Sunday, April 10th, 2016

Advice from a special needs mom to other parents

I am sure that many of you either know of a parent of a special need child or are one yourself.  I have tried my best to understand the wide spectrum that exists under the words “special needs”.  The best thing that I have done is to speak to parents who are open and wanting the rest of the world to understand what they go through on a daily basis.   I recently asked one mom if she would be willing to share her thoughts and advice on being a parent of children with special needs and what would she tell other parents going through the same thing. Below is her response verbatim.   I know this is longer than my regular blog posts – but trust me, everyone should take a few minutes and read this.


1.- Join a support group. Whether it is a local support group or a social media support group. Because, let’s face it, we live surrounded by neurotypical children and their families. We all believe that we are not making comparisons, but deep inside the brain, in some hidden unconscious place the comparisons are happening… we need to remove that “normal” baseline as often as possible, and remind ourselves that we are not alone in this journey.  Plus, support groups can be a great source of information.
2.- Read. Learn as much as you can about your child’s condition. This will help you understand their world much better, set the right limits and goals, and advocate for them with confidence. When my oldest one got his evaluation results I was a full time working mom with a  4-year-old and a 11-month-old. Reading was close to impossible. I read one book, but was it the right one. I revisited the book when the youngest one got his evaluation. My life is in a different place now and reading is easier for me. I continue to read and learn more about their old and new diagnosis. But I get it, finding the time to read and the access to the books can be hard some times. I also listen to videos (TED, youtube) on my cellphone while driving to work and take five minutes here and there to read a short article or check my social media support groups. Stay informed and on top of things.
3.- Find those other parents.  As a mom of children with invisible disabilities I’ve got a lot of eye rolling and shocked expressions from other parents. You don’t need those… But those other parents…The parents of neurotypical children who think that your kid is awesome. The mom who says “I think he is so polite and smart, and you guys are doing an amazing job” and you know she is being honest. The dad who sees your son trotting through the house on his hands and feet and says “Wow! That is so awesome! He is so good at doing THAT!”. In a two hour play date they see their strengths so much more than their challenges… and you need those comments because when you have been there all day, day after day, in the mist of it you may lose that perspective. Those parents and their kids are invaluable.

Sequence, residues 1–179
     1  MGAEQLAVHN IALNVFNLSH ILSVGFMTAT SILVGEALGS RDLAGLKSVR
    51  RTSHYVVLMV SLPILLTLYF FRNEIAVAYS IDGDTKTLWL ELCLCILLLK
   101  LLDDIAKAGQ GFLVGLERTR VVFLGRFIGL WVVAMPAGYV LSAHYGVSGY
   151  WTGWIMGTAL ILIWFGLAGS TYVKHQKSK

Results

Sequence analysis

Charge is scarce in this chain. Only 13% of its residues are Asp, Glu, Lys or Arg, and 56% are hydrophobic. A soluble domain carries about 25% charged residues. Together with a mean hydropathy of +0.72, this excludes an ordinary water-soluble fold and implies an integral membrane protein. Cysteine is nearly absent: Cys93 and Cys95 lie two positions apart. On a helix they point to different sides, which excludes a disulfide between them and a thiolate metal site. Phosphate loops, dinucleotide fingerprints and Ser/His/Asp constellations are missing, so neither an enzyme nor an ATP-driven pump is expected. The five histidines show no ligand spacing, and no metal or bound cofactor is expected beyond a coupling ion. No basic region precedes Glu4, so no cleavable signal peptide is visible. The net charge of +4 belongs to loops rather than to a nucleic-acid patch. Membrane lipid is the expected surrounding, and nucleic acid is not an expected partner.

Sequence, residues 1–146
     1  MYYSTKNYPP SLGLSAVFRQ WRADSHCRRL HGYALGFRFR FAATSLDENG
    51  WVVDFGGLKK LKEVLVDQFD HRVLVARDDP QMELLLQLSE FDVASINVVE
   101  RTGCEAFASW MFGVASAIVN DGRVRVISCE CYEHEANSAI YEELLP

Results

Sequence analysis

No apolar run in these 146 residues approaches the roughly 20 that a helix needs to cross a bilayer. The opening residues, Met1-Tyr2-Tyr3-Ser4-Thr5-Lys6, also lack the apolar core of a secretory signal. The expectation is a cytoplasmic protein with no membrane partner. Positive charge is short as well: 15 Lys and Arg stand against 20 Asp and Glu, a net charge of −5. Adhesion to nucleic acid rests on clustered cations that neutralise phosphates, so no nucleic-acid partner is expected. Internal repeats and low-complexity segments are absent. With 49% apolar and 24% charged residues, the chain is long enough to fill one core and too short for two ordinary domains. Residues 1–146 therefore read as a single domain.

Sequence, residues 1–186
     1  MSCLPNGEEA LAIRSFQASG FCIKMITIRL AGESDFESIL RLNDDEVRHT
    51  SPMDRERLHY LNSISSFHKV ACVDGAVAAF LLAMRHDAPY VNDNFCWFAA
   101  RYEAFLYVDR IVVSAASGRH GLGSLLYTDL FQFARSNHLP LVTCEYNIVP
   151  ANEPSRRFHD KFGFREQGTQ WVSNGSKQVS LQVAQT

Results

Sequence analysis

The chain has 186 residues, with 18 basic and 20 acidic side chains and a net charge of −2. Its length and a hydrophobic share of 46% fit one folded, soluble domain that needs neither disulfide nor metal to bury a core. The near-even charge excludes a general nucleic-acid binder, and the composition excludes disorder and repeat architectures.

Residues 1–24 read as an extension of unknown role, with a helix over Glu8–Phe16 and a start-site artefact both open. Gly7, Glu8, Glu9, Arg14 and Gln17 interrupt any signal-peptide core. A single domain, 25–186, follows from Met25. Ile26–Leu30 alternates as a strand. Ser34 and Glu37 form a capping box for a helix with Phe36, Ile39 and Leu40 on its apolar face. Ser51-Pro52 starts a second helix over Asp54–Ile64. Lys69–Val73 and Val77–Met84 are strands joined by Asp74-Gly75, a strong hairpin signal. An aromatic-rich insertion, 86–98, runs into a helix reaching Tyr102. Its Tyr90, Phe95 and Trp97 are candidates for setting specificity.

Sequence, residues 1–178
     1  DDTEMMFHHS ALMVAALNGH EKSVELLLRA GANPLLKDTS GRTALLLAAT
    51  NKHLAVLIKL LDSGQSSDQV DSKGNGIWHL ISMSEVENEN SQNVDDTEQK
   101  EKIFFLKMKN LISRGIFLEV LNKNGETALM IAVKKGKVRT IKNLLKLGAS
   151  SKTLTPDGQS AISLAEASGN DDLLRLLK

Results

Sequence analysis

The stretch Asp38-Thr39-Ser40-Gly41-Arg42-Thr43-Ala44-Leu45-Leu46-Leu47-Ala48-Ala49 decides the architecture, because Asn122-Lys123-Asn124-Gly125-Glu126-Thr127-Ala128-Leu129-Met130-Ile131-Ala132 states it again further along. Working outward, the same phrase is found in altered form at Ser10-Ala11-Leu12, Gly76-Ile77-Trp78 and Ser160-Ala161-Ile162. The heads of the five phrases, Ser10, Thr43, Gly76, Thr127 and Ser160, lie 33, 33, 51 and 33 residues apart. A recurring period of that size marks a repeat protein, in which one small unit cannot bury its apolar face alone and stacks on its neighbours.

4.-Take no-thank-you-bites. Don’t be afraid to try new things, but be ready to quit if needed. We pressure our kids to not be quitters, but sometimes quitting is not just ok, it is necessary. In a family outing or vacation, the ideal situation is to quit just one minute before they hit the sensory overload, meltdown stage. Sometimes is better to try to avoid the situation all together, but sometimes it is good to push your child just a little bit out of their comfort zone.  The same goes for after school activities. We tried soccer and gymnastics for a few weeks, T-ball was a one-and-a-half practice session thing… Swimming? That one hit home.  Learning to read the signs of when is time to quit takes time. There is no manual, you just have to get to know your child. We get it wrong many times before we start getting it right. Because of that…
5.- Do the “self-care” thing, including forgiveness. Forgive yourself and others, and move on with a lesson learned. Embrace the five minute self-care choices out there. Get yourself a cup of tea, read two pages of your favorite book, call a friend… just do something that you enjoy, as simple as it may be, and write a mental note-to-self: “I’m enjoying this”.
6.- Make your partner a true partner. I think this is actually from “Lean In” but it applies here just as well. My husband knows when I am my wits’ end and he takes over, and the other way around. In a family outing, a trip to the supermarket, the farm… we split the work, “I’ll keep an eye on kid number one, you watch kid number two”. The buddy system works.  We both can read the signs of when it’s time to quit. We have both gone down this path together. Communication is key.
7.- Be thankful. I am thankful for a bazillion things: I am thankful for the other moms who post in the support group, for those people who took the time to write books about these invisible disabilities, for our school district, teachers and especial education team, for all the help that we are getting, for being able to write these lines after 8+ years of learning from and with my wonderful especial kids.
I really do hope that the 7 points above has either opened your mind and you have gained more insight into this world.  If you are a special needs parent, I really think the holistic approach of being thankful, making your partner a true partner and focusing on self-care is great advice.
To my friend – thank you for your time for sharing this…